Effects of Isometric leg Training on Ambulatory Blood pressure and Morning Blood pressure Surge in Young Normotensive Men and Women

Anthony Baross, Kevin Milne, Cheri McGowan, Ian L Swaine

Research output: Contribution to ConferenceAbstractpeer-review


Cardiovascular disease (CVD) is a major cause of death globally with hypertension reported to be a leading modifiable risk factor. Ambulatory blood pressure (BP), in particular diurnal BP variability, is considered to be associated with CVD risk. In addition, the morning BP surge (MBPS) is thought to be associated with increased stroke risk and to be a destabilizing factor for atherosclerotic plaque. Isometric resistance training (IRT) is an effective method of lowering BP and has been recommended by the American Heart Association as an alternative treatment for reducing BP. To date, few studies have investigated the effects of IRT on ambulatory BP and particularly the morning surge in BP. Therefore, the purpose of this study was to determine whether (i) IRT causes reductions in ambulatory BP and the MBPS, in young normotensives and (ii) there are any sex differences in these changes.Ambulatory BP was measured prior to, and after, 10 weeks of bilateral leg IRT using an isokinetic dynamometer (4 x 2 minute contractions at 20% MVC, with 2 minute rest periods on 3 days per week). Twenty normotensive individuals (10 men, age=21 ± 4 years; 10 women, age=23 ± 5 years) were recruited. A two-way repeated measures ANOVA was used to assess the within and between groups ambulatory (mean 24-h, daytime, night time and diurnal variation) BP and MBPS. MBPS was calculated as: mean systolic BP 2 hours after waking minus the lowest sleeping 1 hour mean systolic BP. There were significant reductions in 24-h ambulatory (4 ± 2 mmHg, p=0.0001; 4 ± 2 mmHg, p=0.0001) systolic BP in both men and women following IRT. This comprised significant reductions in day time (5 ± 5 mmHg, p=0.019; 5 ± 4 mmHg, p=0.002) but not night time (1 ± 5 mmHg, p=0.75; 1 ± 3 mmHg, p=0.3) systolic BP. Additionally, there were significant reductions in the MBPS (6 ± 8 mmHg, p=0.044; 6 ± 7 mmHg, p=0.019). There were no significant differences between men and women in these changes (p>0.05).These results support previous research showing that IRT is effective in lowering ambulatory BP. Furthermore, the significant reductions in the MBPS offer the potential for clinically meaningful CVD and stroke risk reduction, provided these effects can be demonstrated in those who are at risk.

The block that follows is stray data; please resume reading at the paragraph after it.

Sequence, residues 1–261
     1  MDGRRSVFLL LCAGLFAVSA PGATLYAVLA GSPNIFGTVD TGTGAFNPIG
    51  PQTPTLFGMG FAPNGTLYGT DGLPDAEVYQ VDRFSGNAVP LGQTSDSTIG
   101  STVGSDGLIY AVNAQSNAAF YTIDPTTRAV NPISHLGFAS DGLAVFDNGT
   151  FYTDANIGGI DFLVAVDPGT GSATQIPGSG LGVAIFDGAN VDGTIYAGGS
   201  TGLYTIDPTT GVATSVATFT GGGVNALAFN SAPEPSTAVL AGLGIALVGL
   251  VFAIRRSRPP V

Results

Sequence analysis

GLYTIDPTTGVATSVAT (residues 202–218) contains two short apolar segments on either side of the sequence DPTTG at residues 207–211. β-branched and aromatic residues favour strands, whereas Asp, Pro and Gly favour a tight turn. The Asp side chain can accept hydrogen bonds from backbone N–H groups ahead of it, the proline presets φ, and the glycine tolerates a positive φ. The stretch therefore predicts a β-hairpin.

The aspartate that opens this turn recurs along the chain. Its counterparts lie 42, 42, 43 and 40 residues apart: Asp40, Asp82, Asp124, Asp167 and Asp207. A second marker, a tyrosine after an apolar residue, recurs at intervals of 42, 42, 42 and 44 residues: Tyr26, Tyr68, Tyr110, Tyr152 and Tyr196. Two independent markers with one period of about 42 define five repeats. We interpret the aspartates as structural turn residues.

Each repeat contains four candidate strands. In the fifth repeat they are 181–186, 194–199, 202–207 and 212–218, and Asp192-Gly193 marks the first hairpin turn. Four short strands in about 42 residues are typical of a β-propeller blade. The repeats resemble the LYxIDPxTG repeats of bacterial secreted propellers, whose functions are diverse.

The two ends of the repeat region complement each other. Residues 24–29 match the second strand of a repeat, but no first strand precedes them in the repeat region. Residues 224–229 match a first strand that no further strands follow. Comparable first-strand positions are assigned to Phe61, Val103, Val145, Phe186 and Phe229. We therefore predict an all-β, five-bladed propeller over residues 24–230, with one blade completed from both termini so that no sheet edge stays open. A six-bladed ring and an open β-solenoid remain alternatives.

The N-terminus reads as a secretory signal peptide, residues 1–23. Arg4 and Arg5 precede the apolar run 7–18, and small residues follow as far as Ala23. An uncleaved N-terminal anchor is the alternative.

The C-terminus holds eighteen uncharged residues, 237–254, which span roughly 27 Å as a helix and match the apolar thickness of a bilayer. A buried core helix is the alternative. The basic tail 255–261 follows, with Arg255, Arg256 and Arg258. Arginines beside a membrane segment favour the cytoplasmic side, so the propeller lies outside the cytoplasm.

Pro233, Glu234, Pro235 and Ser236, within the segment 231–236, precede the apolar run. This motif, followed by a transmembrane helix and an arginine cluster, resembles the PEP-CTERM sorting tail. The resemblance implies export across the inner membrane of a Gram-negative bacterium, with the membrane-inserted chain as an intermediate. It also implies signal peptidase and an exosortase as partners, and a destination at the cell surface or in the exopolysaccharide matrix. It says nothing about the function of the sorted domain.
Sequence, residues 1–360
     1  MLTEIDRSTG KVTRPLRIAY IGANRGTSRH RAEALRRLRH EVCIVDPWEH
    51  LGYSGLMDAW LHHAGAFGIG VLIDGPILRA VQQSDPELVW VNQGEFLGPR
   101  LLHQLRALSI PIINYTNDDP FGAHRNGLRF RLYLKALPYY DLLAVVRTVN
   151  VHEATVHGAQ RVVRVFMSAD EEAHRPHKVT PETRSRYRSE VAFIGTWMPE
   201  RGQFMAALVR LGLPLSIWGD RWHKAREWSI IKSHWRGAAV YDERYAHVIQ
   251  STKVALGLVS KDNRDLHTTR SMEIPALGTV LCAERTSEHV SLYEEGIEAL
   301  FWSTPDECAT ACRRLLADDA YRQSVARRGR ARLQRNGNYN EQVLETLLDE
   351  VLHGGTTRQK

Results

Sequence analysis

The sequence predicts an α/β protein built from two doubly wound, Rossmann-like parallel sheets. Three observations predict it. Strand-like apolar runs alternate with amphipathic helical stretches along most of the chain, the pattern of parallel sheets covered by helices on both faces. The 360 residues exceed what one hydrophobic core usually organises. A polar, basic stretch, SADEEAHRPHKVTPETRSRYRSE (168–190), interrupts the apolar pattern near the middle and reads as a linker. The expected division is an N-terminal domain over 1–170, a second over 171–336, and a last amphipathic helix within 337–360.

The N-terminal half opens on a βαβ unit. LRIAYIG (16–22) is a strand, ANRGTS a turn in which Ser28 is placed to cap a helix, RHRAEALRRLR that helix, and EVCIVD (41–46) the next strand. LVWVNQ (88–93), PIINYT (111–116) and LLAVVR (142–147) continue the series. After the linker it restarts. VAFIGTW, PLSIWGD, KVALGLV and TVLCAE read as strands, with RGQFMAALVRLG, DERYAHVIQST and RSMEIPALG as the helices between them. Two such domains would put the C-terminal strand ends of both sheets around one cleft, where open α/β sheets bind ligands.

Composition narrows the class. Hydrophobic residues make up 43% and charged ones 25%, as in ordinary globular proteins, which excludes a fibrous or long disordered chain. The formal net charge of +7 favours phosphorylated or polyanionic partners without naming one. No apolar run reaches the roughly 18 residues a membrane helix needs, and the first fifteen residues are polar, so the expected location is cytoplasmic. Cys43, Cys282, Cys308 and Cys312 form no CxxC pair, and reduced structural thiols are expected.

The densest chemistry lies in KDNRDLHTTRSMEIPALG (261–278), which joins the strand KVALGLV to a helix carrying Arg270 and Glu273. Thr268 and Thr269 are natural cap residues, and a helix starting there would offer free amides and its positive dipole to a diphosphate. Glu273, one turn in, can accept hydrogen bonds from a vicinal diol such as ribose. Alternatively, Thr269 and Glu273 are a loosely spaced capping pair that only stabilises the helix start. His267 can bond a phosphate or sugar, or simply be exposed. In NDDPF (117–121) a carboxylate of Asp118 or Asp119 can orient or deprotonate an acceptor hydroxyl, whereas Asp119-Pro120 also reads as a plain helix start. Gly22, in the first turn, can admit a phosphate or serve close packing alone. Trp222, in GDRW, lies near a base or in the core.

Original languageEnglish
Publication statusPublished - 8 Sep 2017
EventAnnual American Society of Hypertension Conference - San Francisco, USA, San Francisco, United States
Duration: 8 Sep 201712 Sep 2017


ConferenceAnnual American Society of Hypertension Conference
Country/TerritoryUnited States
CitySan Francisco


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